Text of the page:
On Wed, Dec 9, 2020 at 11:52 AM James Cassell
On Wed, Dec 9, 2020, at 1:44 PM, Ben Cotton wrote:
> == Summary ==
> For Nodejs, Fedora should only package:
> * The interpreter, development headers/libraries, and the assorted
> tools to manage project-level installations (NPM, yarn, etc.).
> * Packages that provide binaries that users would want to use in their shell.
> * compiled/binary nodejs modules (for now)
Better title would have been, "bundle all nodejs dependencies into binary packages
Yes ... that does sound better. Naming is hard.
It feels contrary to the Minimization Objective. Is there really no
better solution? Can modularity help here? Better packaging macros?
To me this sounds exactly in line with the Minimization Objective.
It can get rid of potentially 700 Fedora packages. Minimizing the
number of packages needed to be installed as well as being built with.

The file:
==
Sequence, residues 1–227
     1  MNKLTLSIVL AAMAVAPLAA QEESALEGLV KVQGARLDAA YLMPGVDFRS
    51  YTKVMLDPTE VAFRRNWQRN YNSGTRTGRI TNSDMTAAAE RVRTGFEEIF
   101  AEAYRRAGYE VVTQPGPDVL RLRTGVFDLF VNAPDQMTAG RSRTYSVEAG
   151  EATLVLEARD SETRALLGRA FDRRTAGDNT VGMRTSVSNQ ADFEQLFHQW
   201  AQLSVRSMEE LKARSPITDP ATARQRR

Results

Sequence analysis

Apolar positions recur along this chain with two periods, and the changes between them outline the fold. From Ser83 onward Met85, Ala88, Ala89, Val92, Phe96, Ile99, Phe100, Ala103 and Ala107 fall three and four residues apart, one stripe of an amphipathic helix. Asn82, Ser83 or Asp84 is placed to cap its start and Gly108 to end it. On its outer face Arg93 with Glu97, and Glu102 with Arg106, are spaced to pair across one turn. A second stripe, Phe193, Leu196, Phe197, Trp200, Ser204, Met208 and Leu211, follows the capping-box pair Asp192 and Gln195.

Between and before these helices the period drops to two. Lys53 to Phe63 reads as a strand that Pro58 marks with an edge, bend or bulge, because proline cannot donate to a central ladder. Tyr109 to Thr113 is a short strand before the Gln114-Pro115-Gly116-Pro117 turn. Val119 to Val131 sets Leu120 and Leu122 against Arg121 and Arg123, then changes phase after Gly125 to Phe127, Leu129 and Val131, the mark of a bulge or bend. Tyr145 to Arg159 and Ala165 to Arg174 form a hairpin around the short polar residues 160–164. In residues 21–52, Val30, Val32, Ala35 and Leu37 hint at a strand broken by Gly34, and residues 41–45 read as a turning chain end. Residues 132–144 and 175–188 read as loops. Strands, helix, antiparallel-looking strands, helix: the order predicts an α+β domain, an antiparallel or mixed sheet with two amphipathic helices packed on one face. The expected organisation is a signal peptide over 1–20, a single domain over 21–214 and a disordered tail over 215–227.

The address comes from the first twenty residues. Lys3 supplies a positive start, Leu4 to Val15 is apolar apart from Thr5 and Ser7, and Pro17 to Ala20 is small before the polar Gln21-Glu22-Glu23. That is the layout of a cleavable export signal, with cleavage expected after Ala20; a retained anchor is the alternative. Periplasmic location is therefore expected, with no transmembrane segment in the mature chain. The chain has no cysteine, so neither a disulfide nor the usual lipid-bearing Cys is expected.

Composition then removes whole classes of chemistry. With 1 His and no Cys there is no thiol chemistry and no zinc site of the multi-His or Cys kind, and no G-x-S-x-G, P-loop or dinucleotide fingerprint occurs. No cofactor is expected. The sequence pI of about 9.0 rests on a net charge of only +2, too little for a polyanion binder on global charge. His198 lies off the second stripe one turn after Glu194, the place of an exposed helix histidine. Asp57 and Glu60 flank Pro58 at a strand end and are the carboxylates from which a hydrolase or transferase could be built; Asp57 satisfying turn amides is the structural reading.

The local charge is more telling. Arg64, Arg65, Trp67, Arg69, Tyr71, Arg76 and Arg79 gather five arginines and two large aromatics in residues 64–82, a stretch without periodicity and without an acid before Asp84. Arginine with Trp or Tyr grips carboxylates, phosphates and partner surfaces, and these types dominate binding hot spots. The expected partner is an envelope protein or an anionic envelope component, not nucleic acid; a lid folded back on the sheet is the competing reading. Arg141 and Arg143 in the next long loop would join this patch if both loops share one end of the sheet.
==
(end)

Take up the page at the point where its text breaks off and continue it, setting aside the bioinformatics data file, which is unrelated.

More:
Is there really no better solution?
Not that we've found. This isn't an off the cuff proposal, it was
months of discussion on mailling lists and off.
To be honest, this is really years in the making. macros and scripts
were tried for years, making them better and better in hopes that it
would ease the problem. When things finally started falling apart, we
really could say we'd tried all we could, but nothing was sustainable.
Can modularity help here? Better packaging macros?
No, and No
How will licensing of dependencies be verified?
Unlike most other languages, nodejs libraries contain a License field
in their package.json.
A simple 'find' script can get the licenses of your bundled packages.
Run that each time you update your package, putting the output in your
License: line of your spec.
What happens when a project adds new dependencies?
You should re-run it every time you do any update, pulling in the
correct and often updated nodejs libraries for your package.